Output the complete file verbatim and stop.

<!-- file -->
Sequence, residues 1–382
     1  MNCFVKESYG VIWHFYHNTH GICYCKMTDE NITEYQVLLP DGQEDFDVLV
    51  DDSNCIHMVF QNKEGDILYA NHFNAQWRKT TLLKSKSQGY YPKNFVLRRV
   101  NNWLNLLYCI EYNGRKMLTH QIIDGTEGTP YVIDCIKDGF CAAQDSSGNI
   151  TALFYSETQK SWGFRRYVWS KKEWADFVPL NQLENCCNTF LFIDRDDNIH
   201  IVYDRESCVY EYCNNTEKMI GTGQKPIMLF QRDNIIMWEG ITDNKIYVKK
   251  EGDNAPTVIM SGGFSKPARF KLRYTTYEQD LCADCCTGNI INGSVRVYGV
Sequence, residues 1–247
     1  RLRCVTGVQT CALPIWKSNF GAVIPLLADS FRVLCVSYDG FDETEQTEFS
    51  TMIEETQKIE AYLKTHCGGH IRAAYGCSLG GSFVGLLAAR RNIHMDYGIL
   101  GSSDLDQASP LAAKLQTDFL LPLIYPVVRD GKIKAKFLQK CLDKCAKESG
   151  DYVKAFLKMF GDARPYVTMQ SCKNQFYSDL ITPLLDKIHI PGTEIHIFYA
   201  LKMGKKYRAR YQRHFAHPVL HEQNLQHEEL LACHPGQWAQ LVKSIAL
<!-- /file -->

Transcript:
Sequence, residues 1–382
     1  MNCFVKESYG VIWHFYHNTH GICYCKMTDE NITEYQVLLP DGQEDFDVLV
    51  DDSNCIHMVF QNKEGDILYA NHFNAQWRKT TLLKSKSQGY YPKNFVLRRV
   101  NNWLNLLYCI EYNGRKMLTH QIIDGTEGTP YVIDCIKDGF CAAQDSSGNI
   151  TALFYSETQK SWGFRRYVWS KKEWADFVPL NQLENCCNTF LFIDRDDNIH
   201  IVYDRESCVY EYCNNTEKMI GTGQKPIMLF QRDNIIMWEG ITDNKIYVKK
   251  EGDNAPTVIM SGGFSKPARF KLRYTTYEQD LCADCCTGNI INGSVRVYGV
Sequence, residues 1–247
     1  RLRCVTGVQT CALPIWKSNF GAVIPLLADS FRVLCVSYDG FDETEQTEFS
    51  TMIEETQKIE AYLKTHCGGH IRAAYGCSLG GSFVGLLAAR RNIHMDYGIL
   101  GSSDLDQASP LAAKLQTDFL LPLIYPVVRD GKIKAKFLQK CLDKCAKESG
   151  DYVKAFLKMF GDARPYVTMQ SCKNQFYSDL ITPLLDKIHI PGTEIHIFYA
   201  LKMGKKYRAR YQRHFAHPVL HEQNLQHEEL LACHPGQWAQ LVKSIAL